Note: Here, the OFF button S4 is implemented as a normally closed contact in order to ensure wire break protection. This means that the plant will stop automatically in the event of a wire break at this button. Otherwise, it would no longer be possible to stop the plant in the event of a wire break. For this reason, all STOP buttons, OFF buttons, and switches must always be implemented as normally closed contacts in the control technology.
5. Programming of the belt control for SIMATIC S7-300
The ‘Totally Integrated Automation Portal’ software is used for project management and programming.
Components such as control, visualization, and networking of the automation solution are created, assigned parameters, and programmed here using a standard interface.
Online tools are available for the error diagnostics.
The following steps enable you to create a project for the SIMATIC S7-300 and to program the solution for the task:
The central tool is the ‘Totally Integrated Automation Portal’, which is opened here with a double-click. (® TIA Portal V11)
Programs for the SIMATIC S7-300 are managed in projects. Start by creating a project in the portal view (® Create new project ® FB_Band ® Create).
‘First steps’ for configuring are now suggested. We want to start with ‘Configure a device’.
(® First steps ® Configure a device)
The next step is to ‘Add new device’ with device name ‘Program_belt’. Choose the ‘CPU 315F-2 PN/DP’ with the appropriate order number from the catalog.
(® Add new device ® Program_belt ® CPU 315F-2 PN/DP ® 6ES7 ……. ® Add)
The software now switches automatically to the project view containing the opened hardware configuration. Additional modules can now be added from the hardware catalog (on the right!) and the addresses of the inputs/outputs can be set in the ‘Device overview’. Here, there is one I/O module with 16 inputs (addresses %I0.0 - %I1.7) and 16 outputs (addresses %Q0.0 - %Q1.7). (® Device overview ® DI/DO ® DI16/DO16 x 24V/0.5A ® 6ES7 323-1BL00-0AA0 ® I address: 0…1 ® Q address: 0…1)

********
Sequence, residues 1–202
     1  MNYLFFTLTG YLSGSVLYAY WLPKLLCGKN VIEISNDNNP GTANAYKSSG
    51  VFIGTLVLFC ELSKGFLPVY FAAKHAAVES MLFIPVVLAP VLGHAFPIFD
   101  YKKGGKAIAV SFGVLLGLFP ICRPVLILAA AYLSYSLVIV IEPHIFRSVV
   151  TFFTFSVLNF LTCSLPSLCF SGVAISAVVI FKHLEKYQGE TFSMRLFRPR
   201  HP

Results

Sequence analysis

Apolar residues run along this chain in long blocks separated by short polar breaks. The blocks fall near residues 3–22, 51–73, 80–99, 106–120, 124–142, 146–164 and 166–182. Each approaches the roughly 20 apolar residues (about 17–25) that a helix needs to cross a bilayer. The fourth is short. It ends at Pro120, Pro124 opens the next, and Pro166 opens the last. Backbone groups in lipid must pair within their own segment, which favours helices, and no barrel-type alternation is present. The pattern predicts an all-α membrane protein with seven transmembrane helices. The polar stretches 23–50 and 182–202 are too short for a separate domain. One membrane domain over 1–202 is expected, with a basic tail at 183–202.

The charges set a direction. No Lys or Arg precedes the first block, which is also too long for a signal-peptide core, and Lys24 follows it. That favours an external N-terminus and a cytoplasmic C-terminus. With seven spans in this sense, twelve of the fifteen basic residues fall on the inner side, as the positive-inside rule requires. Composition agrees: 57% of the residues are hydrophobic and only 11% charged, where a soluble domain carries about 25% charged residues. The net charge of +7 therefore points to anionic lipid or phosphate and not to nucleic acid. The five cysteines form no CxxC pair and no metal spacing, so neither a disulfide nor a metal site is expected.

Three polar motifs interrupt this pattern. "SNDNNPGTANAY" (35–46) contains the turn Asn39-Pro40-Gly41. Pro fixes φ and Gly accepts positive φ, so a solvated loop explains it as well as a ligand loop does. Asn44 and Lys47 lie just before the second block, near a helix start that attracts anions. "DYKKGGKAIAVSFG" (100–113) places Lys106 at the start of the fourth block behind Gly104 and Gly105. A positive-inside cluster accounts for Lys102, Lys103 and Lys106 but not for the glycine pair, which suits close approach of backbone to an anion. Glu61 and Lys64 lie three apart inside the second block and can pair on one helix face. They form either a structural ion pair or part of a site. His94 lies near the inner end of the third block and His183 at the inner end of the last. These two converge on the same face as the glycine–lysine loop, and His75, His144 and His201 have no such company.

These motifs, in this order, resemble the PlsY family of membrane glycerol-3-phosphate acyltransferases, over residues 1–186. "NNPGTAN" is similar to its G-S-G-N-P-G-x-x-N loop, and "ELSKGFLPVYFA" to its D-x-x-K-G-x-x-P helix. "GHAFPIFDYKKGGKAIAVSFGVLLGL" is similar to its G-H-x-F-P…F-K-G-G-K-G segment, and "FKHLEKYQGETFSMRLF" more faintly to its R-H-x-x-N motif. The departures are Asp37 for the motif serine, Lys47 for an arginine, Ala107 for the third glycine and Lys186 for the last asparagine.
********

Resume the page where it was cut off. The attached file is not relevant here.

To ensure that the software will access the correct CPU later, the IP address and the subnet mask of the CPU must be set. (® Properties ® General ® PROFINET interface [X2] ® Ethernet addresses ® IP protocol ® IP address: 192.168.0.1 ® Subnet mask: 255.255.255.0) (see also: SCE_EN_030-010 module on setting the programming interface.)
Because modern programming uses tags and not absolute addresses, the global PLC tags must be defined here.
These global PLC tags are descriptive names with a comment for each input and output used in the program. The global PLC tags can then be accessed later during programming via their names. These global tags can be used in all blocks anywhere in the program.
In the project tree, select ‘Program_belt [CPU 315F-2 PN/DP]’ and then ‘PLC tags’. Double-click to open the ‘PLC tags’ table and enter the names for the inputs and outputs as shown below. (® Program_belt [CPU315F-2 PN/DP] ® PLC tags® PLC tags)
To create function block FB1, select ‘Program_belt [CPU 315F-2 PN/DP]’ and then ‘Program blocks’ in the project tree. Then, double-click ‘Add new block’. (® Program_belt [CPU315F-2 PN/DP] ® Program blocks ® Add new block)
Select ‘Function block (FB)’ and assign the name ‘Belt’. Specify the ‘FBD’ function block diagram as programming language. The numbering will be automatic. Since this FB1 will be called using its symbolic name later, the number does not play an important role in any case. Click ‘OK’ to accept your entries.
(® Function block (FB1) ® Belt ® FBD ® OK)
The ‘Belt [FB1]’ block is then opened automatically. The interface of the block must be declared before the program can be written.
In the interface declaration, the local tags known only in this block are defined.
The tags are divided into two groups:
Block parameters that form the block interface for the call in the program.
Parameters whose values are read by the block.
Functions, function blocks, and some types of organization blocks
Parameters whose values are written by the block.
Functions and function blocks
A parameter whose value is read by the block when it is called and is written back by the block to the same parameter after it is processed.
Functions and function blocks